According to the survey, this lack of understanding in blockchain and its benefit is is also manifested in the two major misconceptions about blockchain as held by many respondents. 46% of participants believe that blockchain “is a trust-less system and does not require a central authority,” a fact that does not hold true for permissioned blockchain although it is true for public blockchains.

The second misconception is that of security where 43% of participants held the view that “blockchain is not as ‘unhackable’ as they say it is. While there are many reported hacks, in many cases its vulnerabilities on the applications built on top of the blockchain.

Nevertheless, a recent survey by Stack Overflow showed 20% of organizations are using blockchain and the confidence in the tech was improving, with 67.6% of respondents saying they believe the technology is useful. IHS Markit has also predicted the blockchain market to be worth $2 trillion by 2030.

NTT survey: blockchain, AI, IoT will have greatest impacts on financial services and trends, execs say

Most of financial services and company executives believe that blockchain, AI, machine learning and IoT will be number one techs in influencing trends in financial services in the future. This is according to a recent survey by NTT Data.

Out of the 471 companies surveyed by the organization, 53% hold this opinion. Changing competitive environment will be number two to influence trends in financial services sector, having polled support from 46% of the respondents, even as many financial executives see and anticipate new entrants from both fintech startups and technology giants to influence the space. To that effect, 83% believe that new entrants could become significant competitors.

About competition, 65% of respondents see Amazon as the biggest threat in all regions apart from Japan. That's compared to Apple, Alibaba, Walmart, Facebook and Tencent. Respondents in the survey came from U.S., U.K., Germany, Spain, Italy and Japan. The surveyed execs were decision-makers, influencers or aware of budgets for Digital Business Platforms. So they may be biased towards tech.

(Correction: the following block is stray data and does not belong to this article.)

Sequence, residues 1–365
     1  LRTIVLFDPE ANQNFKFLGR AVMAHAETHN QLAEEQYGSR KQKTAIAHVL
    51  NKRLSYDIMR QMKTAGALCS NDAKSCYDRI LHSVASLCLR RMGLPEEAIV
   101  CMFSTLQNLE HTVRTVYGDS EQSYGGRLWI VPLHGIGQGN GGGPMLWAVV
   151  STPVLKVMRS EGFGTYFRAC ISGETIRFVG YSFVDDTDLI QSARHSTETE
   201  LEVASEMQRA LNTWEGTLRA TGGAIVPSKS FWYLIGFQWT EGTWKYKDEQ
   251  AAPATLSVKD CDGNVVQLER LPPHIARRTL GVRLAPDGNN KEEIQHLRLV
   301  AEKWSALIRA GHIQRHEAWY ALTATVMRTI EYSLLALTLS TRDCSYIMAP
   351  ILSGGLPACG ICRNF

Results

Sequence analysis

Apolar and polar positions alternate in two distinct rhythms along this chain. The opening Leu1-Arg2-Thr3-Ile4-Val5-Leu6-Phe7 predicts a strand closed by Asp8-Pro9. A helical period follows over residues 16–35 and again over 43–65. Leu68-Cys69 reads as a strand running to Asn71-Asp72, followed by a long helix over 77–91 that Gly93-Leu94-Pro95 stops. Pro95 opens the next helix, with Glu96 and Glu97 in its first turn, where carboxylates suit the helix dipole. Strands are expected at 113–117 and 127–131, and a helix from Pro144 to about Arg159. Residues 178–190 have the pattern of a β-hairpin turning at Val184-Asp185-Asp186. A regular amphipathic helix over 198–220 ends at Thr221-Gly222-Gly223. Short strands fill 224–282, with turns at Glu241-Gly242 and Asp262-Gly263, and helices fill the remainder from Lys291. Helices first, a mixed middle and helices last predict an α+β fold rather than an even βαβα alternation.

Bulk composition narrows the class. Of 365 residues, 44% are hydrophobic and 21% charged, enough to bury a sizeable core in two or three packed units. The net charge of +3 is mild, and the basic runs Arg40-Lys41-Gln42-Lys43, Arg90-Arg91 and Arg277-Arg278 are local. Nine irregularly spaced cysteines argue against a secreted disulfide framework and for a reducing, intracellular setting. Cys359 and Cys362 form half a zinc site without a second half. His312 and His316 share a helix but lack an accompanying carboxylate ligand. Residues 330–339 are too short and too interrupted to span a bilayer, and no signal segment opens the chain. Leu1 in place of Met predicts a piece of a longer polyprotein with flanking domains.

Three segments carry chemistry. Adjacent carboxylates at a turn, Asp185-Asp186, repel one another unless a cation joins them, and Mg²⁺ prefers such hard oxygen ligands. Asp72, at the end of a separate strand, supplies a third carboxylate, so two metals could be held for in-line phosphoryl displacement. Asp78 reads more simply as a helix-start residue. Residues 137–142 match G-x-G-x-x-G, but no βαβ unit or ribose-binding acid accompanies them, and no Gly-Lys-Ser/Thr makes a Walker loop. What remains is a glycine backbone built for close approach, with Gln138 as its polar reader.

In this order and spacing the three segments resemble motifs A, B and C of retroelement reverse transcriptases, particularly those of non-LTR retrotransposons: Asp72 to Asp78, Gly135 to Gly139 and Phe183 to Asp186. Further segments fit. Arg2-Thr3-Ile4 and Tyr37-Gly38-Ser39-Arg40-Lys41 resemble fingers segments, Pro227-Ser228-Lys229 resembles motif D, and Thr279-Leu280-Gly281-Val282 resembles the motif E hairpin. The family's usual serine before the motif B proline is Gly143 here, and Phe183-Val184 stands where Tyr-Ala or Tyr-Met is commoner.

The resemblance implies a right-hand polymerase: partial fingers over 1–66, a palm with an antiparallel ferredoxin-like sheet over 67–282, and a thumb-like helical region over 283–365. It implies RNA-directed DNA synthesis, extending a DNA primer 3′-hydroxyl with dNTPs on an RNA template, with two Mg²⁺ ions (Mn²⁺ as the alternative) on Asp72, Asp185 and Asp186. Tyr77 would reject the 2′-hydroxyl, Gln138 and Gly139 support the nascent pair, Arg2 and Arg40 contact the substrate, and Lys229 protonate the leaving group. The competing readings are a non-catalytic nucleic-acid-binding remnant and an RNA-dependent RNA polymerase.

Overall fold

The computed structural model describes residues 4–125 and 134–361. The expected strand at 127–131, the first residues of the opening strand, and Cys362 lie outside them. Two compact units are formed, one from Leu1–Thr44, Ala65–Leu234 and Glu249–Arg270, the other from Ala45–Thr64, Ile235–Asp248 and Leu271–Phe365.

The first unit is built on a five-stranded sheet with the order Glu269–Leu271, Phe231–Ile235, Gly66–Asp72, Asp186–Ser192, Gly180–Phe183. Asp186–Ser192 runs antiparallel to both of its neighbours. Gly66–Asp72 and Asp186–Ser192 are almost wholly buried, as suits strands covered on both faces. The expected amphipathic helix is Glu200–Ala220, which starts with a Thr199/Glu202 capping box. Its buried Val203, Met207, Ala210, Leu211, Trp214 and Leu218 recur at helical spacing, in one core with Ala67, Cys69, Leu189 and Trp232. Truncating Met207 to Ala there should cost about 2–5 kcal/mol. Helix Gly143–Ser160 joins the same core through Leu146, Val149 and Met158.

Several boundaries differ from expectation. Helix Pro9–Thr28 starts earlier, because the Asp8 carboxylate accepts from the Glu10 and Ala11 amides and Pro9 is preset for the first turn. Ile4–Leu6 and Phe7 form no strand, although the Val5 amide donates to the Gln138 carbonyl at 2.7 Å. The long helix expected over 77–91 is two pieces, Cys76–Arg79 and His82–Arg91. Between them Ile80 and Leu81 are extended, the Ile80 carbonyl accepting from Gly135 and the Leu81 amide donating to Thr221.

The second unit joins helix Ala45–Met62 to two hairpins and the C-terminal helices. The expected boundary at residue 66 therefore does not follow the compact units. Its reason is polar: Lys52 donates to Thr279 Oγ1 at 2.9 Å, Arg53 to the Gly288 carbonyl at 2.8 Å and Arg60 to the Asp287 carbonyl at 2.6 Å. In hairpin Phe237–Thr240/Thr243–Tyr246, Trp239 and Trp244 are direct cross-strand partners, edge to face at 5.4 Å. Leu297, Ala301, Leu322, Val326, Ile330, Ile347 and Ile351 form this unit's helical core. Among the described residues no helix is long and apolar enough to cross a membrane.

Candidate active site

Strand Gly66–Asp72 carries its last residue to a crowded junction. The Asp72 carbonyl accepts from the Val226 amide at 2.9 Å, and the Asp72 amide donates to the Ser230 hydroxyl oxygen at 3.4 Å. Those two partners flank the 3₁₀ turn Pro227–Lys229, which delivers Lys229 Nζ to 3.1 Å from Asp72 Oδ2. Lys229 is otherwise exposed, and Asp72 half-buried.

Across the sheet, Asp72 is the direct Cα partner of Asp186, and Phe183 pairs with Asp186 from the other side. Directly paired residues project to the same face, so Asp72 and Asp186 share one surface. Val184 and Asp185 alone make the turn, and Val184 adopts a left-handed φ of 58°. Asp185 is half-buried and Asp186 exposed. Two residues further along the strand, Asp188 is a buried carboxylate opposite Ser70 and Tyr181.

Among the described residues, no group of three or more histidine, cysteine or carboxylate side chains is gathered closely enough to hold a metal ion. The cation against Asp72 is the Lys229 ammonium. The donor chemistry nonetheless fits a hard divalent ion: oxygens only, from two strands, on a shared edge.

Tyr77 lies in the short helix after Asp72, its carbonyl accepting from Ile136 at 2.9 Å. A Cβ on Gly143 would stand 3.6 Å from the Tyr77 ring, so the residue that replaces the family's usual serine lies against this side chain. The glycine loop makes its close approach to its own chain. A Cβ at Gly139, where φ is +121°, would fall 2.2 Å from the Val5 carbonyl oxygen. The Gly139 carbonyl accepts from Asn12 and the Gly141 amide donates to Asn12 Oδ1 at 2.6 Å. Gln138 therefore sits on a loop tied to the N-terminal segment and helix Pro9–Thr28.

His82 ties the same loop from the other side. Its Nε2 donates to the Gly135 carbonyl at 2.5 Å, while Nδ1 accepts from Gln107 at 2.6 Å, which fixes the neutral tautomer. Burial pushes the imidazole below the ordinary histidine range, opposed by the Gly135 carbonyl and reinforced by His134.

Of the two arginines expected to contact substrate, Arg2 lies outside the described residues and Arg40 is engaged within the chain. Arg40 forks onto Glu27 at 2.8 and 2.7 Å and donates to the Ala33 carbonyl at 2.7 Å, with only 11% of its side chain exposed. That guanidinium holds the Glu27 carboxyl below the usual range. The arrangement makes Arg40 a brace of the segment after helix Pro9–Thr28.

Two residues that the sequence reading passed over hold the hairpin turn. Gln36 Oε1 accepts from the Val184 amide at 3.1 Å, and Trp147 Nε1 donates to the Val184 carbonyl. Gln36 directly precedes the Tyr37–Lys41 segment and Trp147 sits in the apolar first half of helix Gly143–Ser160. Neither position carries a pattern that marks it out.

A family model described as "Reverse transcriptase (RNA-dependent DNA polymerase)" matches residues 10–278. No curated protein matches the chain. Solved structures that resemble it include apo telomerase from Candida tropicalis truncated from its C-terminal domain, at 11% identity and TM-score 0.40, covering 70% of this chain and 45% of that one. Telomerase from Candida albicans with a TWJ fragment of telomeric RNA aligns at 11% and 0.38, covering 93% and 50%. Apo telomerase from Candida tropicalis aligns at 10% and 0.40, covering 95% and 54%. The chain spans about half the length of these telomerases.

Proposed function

According to the survey, 78% said the list of financial services leaders will be very different within five years. 9 out 10 said  now is the time for transformational digital change compared to 7% who viewed, 3 years ago, fintech as a threat and 15% planned to invest in modernization efforts.

Further, 61% of financial services companies are dopting new business models in response to a combination of new technologies, competitive threats and customer demand. These models are being deployed within Digital Business Platforms (DBP) owned by existing tech giants. DBPs can allow financial services companies to deploy new business models without gutting existing legacy systems. Additionally, 84% of financial services firms are envision partnering with fintechs and insurtechs while 66% imagine using fintechs, insurtechs and the platforms of large tech players like Amazon for purposes of distribution.

David Kariuki

David Kariuki likes to regard himself as a freelance tech journalist who has written and writes widely about a variety of tech issues that affect our society daily, including cryptocurrencies (see and; climate change (, OpenSim and virtual reality (see He is currently pursuing a MSc in Environmental Management at Open University. He does write here not to offer any investment advise but with the intention of informing audience, and articles in here are of his own opinion. Anyone willing to use any opinion here as advise to invest in crypto should obviously take own responsibility and accountability of their losses (or benefits) thereof. You can reach me at or